It's not the most fun to work on a puzzle and have people complain about it, but it's also disappointing to work on a puzzle and feel like nobody noticed or cared about it. So please give us specific feedback! (by whatever channel you feel is most appropriate)

(Also, if I were a teenager reading the "Poor kids" thread, I might feel patronized. But, then, it's hard to be perfectly sensitive on a topic that a lot of us care strongly about.)
Andrewbrokenwndw on January 25th, 2013 08:26 pm (UTC)
I'm working on a reply for your protected entry; it's just got more parts than the little odds and ends I post here. :-)
Dr. C. Scott Ananiancananian on January 25th, 2013 08:29 pm (UTC)
I apologize for the patronizing sound of "poor kids", since I'm the one who started that thread. At the time I felt it was important to redirect the conversation and remind participants that some of the puzzlesmiths were not 10-year hunt veterans, and to have them consider the idea behind the puzzle separate from its execution and larger-scale issues (metas, etc).

If you list some specific puzzles, I'm pretty sure people would be very interested in giving specific feedback. The puzzles I worked on at listed at http://cananian.livejournal.com/68543.html although I've formed some opinions of a number of others based on reading through solutions.
Alisonlandofnowhere on January 25th, 2013 08:45 pm (UTC)
Thanks! I mainly meant this as a general comment, but may do so later.
Mikey Gemengee on January 26th, 2013 06:12 am (UTC)
My First Puzzles
I would love any feedback anyone would like to contribute about the puzzles I authored:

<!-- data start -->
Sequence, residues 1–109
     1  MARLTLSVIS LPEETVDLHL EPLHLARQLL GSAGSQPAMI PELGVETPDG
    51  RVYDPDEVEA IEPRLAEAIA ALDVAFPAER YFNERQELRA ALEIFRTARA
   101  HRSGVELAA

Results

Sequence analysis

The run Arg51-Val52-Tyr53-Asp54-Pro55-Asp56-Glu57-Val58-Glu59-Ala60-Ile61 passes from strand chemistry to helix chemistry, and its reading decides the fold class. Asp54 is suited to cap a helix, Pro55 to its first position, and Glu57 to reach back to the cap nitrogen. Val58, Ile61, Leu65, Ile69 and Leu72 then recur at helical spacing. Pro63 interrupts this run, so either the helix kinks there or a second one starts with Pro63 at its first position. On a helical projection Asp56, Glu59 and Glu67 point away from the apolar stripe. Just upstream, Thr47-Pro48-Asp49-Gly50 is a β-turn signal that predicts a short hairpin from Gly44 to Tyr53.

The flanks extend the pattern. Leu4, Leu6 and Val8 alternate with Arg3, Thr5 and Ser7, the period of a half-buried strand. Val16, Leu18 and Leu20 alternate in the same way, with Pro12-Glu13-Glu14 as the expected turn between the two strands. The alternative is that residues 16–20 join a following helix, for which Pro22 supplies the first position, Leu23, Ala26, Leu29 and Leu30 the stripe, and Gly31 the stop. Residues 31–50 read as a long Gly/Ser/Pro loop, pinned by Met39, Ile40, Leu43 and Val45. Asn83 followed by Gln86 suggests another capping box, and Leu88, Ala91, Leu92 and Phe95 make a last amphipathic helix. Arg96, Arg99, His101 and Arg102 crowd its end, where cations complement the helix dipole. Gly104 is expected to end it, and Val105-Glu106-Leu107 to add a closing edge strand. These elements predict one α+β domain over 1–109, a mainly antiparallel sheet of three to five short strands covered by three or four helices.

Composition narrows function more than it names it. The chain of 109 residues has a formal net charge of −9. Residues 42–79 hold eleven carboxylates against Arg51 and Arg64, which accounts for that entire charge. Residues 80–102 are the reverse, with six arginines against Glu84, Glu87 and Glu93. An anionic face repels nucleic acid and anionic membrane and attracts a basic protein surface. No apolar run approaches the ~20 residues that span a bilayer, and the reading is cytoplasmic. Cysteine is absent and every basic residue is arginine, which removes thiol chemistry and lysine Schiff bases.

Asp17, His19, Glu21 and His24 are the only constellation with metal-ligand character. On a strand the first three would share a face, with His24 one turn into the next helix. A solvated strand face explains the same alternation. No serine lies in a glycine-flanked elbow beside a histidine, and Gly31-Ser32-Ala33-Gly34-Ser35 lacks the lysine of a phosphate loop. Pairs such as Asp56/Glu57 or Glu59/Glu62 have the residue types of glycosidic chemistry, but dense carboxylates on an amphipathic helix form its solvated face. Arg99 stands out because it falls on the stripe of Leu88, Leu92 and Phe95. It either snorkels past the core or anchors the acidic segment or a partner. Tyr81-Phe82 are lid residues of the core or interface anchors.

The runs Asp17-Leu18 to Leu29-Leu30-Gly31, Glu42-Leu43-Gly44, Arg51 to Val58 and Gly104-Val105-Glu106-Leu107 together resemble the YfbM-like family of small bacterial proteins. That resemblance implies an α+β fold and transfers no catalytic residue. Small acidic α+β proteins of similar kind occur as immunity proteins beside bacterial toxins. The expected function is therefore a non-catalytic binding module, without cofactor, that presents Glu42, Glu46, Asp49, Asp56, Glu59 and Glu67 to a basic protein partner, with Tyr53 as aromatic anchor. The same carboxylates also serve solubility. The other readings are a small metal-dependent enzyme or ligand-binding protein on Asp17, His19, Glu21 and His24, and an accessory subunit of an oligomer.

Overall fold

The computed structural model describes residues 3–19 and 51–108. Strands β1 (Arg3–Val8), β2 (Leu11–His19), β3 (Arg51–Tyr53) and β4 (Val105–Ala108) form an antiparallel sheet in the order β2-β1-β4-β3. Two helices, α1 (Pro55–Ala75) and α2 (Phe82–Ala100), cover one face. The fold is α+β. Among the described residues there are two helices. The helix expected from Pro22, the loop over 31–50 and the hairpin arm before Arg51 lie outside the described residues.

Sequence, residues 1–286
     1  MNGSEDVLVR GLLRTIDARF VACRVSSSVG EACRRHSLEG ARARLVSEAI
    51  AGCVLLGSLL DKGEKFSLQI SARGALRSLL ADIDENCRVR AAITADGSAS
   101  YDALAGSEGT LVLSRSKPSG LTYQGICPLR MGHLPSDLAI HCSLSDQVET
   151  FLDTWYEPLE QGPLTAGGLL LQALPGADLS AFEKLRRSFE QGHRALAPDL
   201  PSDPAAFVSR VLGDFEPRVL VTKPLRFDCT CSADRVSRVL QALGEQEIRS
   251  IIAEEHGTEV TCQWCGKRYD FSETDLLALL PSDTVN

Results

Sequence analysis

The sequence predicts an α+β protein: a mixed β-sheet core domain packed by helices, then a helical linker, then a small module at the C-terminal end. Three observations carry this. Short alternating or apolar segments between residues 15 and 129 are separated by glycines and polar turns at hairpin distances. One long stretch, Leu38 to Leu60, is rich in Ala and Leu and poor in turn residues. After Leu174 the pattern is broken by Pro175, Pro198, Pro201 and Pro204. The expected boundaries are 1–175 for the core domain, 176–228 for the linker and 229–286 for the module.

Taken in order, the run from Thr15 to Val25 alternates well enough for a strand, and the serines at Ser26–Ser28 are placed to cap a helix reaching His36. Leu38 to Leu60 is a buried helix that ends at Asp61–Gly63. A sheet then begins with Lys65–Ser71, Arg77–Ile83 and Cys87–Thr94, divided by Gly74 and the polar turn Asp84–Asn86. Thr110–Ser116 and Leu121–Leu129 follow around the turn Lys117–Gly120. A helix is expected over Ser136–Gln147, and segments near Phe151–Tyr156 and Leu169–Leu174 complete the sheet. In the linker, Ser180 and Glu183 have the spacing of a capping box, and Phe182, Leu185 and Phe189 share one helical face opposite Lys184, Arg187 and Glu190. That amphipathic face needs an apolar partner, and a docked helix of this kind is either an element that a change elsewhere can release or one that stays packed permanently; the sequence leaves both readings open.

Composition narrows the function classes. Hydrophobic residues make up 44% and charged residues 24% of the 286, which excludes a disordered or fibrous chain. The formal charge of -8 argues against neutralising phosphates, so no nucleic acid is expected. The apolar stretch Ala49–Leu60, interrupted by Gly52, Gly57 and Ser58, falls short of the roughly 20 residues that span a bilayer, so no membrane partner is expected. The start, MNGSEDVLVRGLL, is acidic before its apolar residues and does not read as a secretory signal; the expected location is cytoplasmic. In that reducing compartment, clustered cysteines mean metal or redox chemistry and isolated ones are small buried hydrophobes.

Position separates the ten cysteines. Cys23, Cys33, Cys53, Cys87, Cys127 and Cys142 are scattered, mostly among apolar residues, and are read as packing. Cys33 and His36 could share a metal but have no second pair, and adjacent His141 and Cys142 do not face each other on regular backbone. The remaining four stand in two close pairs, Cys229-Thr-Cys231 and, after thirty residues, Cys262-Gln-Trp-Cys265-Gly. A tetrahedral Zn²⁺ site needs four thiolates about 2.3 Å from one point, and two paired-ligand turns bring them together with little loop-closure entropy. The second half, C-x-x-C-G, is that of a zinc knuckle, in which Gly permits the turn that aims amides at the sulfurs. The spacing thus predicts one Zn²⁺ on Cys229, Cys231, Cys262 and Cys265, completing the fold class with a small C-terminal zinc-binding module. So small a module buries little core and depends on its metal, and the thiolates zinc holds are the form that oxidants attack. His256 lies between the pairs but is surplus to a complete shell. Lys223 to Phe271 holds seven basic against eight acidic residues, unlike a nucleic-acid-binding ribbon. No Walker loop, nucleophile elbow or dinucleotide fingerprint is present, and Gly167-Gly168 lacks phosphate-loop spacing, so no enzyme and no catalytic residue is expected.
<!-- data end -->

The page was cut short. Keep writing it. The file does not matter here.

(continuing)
Season Changes; No One Ages
I Left My Stomach in Salt Lake City
A Streetcar Named...

Aside from Season Changes, I don't even know if people forward solved, back solved, or used options. So I'd love to hear anything about these!

Thanks,

- Mike (A first-time constructor hoping to learn more for next time, which hopefully won't be for many years)
Andrewbrokenwndw on January 26th, 2013 06:21 am (UTC)
Re: My First Puzzles
Codex forward-solved A Streetcar Named... after some false leads. I only saw it after the initial aha had been obtained (correctly) and a bunch of data had been gathered (incorrectly); I found the number of segments / length of country match, exhorted people to fix their data, and went back to being stuck on Loss By Compression. :-)

We ran into the slight hiccup that the website has the front of the car on one end and the puzzle has it on the other end, but after I pointed out that undoubtedly this was the purpose of having the streetcars actually march across the screen we all agreed that any misunderstanding there was entirely our fault.